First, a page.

This tea is made from hawthorn flowers and leaves with granny’s bonnet (aka aquilegia / columbine) and is almost too pretty to use!
I’ve just started Max Drake’s Herbal Summer School and learnt that hawthorn blossom is selected by expert harvesters ‘when it’s at its most beautiful’. This was verified when the active compound content was analysed as 20% higher compared with flowers picked at a different time. On 15th May it certainly was beautiful when I picked it, so look out for it again next May!
The granny’s bonnets are edible flowers and some are still out now – the nectar is wonderfully sweet, like honeysuckle and I thought they would enhance the tea with their dusky shades.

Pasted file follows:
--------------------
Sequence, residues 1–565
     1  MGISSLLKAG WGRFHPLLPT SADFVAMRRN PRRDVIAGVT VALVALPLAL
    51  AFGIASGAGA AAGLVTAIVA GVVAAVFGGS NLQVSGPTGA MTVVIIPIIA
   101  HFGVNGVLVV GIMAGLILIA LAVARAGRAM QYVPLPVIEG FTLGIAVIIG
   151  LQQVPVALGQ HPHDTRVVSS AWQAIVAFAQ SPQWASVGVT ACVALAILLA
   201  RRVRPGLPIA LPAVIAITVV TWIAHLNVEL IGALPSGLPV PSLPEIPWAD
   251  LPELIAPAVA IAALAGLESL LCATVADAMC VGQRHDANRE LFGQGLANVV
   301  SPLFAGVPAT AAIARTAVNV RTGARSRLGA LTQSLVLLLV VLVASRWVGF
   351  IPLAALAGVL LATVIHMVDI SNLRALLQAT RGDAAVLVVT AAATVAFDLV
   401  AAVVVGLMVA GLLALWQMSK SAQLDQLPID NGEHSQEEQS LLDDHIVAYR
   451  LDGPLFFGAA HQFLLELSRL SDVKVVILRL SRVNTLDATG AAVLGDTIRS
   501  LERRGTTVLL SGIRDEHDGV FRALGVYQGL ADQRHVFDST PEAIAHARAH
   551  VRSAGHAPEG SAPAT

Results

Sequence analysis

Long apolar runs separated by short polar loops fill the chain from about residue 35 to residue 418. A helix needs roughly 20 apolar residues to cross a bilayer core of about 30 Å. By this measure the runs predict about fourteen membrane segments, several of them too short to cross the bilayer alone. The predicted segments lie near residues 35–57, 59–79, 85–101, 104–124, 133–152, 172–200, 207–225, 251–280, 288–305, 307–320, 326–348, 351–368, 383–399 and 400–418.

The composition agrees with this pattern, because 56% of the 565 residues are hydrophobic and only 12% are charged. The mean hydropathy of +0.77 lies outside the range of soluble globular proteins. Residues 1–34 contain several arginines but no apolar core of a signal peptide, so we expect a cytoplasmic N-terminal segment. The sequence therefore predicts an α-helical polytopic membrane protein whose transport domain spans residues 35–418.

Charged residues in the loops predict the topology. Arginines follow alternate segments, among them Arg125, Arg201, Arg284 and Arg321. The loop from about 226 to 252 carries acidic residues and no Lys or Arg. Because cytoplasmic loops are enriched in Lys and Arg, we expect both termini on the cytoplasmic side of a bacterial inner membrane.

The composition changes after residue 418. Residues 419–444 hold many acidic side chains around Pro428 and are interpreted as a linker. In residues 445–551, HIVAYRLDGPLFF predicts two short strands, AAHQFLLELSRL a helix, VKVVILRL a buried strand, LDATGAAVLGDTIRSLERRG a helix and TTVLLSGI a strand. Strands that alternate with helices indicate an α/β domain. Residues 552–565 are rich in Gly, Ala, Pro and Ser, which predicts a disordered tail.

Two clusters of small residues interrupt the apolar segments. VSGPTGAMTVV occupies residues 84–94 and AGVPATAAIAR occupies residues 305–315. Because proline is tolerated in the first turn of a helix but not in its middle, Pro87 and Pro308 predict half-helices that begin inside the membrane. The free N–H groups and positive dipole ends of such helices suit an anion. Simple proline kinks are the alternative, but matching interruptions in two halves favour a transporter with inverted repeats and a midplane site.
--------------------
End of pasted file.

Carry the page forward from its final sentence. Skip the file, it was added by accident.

To dry them I just left them in a sieve in the airing cupboard for a few days.
The young leaves of hawthorn picked in spring make good tea too. When dry the leaves seem to smell of raspberries (I ground some to a powder and mixed into raspberry icecream – pretty!). The tea has a mild lemony note and both blossom and leaves can be useful in treating some heart conditions.
If, on the other hand coffee’s more your thing, read about haw coffee here (and ketchup!).